Kings GM says Mike Richards went into ‘a destructive spiral’

Mike Richards

The Los Angeles Kings may owe Mike Richards money until 2031 (seriously), but in settling his grievance, the team and player more or less get to turn the page.

Not before Kings GM Dean Lombardi shares his sometimes startling perspective, though.

Lombardi has a tendency to be candid, especially in the press release-heavy world of sports management. Even by his standards, his account of Richards’ “destructive sprial” is a staggering read from the Los Angeles Times’ Lisa Dillman.

“Without a doubt, the realization of what happened to Mike Richards is the most traumatic episode of my career,” Lombardi said in a written summation he provided to the Los Angeles Times. “At times, I think that I will never recover from it. It is difficult to trust anyone right now – and you begin to question whether you can trust your own judgment. The only thing I can think of that would be worse would be suspecting your wife of cheating on you for five years and then finding out in fact it was true.”

Lombardi provides plenty of eyebrow-raising statements to Dillman, including:

  • He believed he “found his own Derek Jeter” in Richards, a player who “at one time symbolized everything that was special about the sport.”
  • Lombardi remarked that “his production dropped 50 percent and the certain ‘it’ factor he had was vaporizing in front of me daily.”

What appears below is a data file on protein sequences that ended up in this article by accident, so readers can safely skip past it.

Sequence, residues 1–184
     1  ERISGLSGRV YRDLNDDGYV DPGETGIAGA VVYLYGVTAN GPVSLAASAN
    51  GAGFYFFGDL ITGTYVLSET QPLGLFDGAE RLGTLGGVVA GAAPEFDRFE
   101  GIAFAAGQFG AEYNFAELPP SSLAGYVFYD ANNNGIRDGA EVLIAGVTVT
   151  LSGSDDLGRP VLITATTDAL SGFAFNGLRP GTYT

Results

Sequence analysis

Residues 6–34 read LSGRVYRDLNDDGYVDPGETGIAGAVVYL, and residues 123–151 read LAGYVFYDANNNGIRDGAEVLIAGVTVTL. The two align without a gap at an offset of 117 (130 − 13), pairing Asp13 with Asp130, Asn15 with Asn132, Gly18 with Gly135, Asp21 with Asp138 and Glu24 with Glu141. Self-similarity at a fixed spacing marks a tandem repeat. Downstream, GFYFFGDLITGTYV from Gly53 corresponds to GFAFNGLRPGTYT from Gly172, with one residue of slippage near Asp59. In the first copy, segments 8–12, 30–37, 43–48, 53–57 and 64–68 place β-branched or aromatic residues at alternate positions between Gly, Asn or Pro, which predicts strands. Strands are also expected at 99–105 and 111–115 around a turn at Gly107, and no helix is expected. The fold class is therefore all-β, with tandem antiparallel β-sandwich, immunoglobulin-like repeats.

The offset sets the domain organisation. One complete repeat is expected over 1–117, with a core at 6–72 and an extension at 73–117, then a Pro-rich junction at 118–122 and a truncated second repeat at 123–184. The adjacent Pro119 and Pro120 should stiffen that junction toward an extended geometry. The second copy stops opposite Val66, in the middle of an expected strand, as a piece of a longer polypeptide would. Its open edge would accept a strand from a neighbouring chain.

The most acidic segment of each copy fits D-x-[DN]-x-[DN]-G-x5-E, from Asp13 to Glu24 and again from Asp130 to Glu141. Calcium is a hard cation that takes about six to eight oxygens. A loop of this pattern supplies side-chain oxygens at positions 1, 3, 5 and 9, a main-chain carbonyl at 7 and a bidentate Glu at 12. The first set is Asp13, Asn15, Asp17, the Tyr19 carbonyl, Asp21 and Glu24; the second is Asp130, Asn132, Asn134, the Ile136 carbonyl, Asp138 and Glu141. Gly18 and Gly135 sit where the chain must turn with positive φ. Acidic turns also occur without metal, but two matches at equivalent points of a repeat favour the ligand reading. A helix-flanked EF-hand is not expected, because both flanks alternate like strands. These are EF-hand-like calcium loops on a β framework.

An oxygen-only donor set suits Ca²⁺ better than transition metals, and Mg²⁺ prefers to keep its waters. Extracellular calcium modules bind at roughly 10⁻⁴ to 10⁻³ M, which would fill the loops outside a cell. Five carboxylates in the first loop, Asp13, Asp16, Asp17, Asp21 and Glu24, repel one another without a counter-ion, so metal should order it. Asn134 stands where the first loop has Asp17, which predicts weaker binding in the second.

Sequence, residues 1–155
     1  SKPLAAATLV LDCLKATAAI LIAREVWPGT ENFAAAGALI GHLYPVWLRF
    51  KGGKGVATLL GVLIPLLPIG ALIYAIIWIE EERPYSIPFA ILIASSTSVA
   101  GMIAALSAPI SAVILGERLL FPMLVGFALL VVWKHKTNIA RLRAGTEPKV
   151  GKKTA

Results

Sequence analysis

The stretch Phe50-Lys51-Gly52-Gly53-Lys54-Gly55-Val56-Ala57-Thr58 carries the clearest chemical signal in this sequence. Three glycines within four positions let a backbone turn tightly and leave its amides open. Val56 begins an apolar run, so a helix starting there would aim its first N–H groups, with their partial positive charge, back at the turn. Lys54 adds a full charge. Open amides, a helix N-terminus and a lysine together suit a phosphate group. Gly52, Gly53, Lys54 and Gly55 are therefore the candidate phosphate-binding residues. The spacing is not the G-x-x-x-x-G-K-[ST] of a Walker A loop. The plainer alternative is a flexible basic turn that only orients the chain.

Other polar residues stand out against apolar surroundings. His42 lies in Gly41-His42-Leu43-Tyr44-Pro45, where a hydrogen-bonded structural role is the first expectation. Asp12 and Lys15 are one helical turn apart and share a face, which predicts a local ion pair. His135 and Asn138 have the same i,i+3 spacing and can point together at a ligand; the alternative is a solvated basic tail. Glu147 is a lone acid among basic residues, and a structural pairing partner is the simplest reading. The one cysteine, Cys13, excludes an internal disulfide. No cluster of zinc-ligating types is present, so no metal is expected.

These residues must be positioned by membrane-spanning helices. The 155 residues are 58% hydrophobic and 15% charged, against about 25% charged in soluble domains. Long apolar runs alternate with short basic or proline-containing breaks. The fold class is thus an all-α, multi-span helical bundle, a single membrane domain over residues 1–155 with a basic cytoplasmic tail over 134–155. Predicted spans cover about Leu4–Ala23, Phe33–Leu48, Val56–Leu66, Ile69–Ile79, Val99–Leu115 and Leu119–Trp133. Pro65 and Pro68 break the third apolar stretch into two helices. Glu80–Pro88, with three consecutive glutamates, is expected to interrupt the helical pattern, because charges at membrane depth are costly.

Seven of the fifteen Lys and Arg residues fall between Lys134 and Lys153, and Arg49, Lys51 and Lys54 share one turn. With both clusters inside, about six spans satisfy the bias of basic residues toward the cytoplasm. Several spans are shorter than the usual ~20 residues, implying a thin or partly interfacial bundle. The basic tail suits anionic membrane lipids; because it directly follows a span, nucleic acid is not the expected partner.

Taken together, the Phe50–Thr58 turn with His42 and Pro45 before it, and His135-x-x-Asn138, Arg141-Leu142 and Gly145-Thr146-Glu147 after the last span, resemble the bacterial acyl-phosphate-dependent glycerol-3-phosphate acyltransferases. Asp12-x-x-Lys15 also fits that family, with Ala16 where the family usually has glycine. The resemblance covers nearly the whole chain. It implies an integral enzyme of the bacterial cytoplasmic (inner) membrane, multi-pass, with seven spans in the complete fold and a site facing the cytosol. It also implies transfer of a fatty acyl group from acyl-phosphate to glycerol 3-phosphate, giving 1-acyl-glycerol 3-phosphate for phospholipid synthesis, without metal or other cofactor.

• The Kings GM believes that he was “played” by Richards.

… Yeah.

Again, it’s a powerful read that you should soak in yourself, even if you’re unhappy with the way the Kings handled the situation.

Maybe the most pressing of many lingering questions is: will we get to hear Richards’ side of the story?

Coyotes exploit another lousy outing from Quick

Jonathan Quick

Despite owning two Stanley Cup rings, there are a healthy number of people who aren’t wild about Jonathan Quick.

Those people might feel validated through the Los Angeles Kings’ first two games, as he followed a rough loss to the San Jose Sharks with a true stinker against the Arizona Coyotes on Friday.

Sometimes a goalie has a bad night stats-wise, yet his team is as much to blame as anything else. You can probably pin this one on Quick, who allowed four goals on just 14 shots through the first two periods.

Things died down in the final frame, but let’s face it; slowing things down is absolutely the Coyotes’ design with a 4-1 lead (which ultimately resulted in a 4-1 win).


A soft 1-0 goal turned out to be a sign of things to come:

Many expected the Kings to roar into this second game after laying an egg in their opener. Instead, the Coyotes exploited Quick’s struggles for a confidence-booster, which included key prospect Max Domi scoring a goal and an assist.

It’s worth mentioning that Mike Smith looked downright fantastic at times, only drawing more attention to Quick’s struggles.


After a troubled summer and a failed 2014-15 season, Los Angeles was likely eager to start things off the right way.

Instead, they instead will likely focus on the fact that they merely dropped two (ugly) games.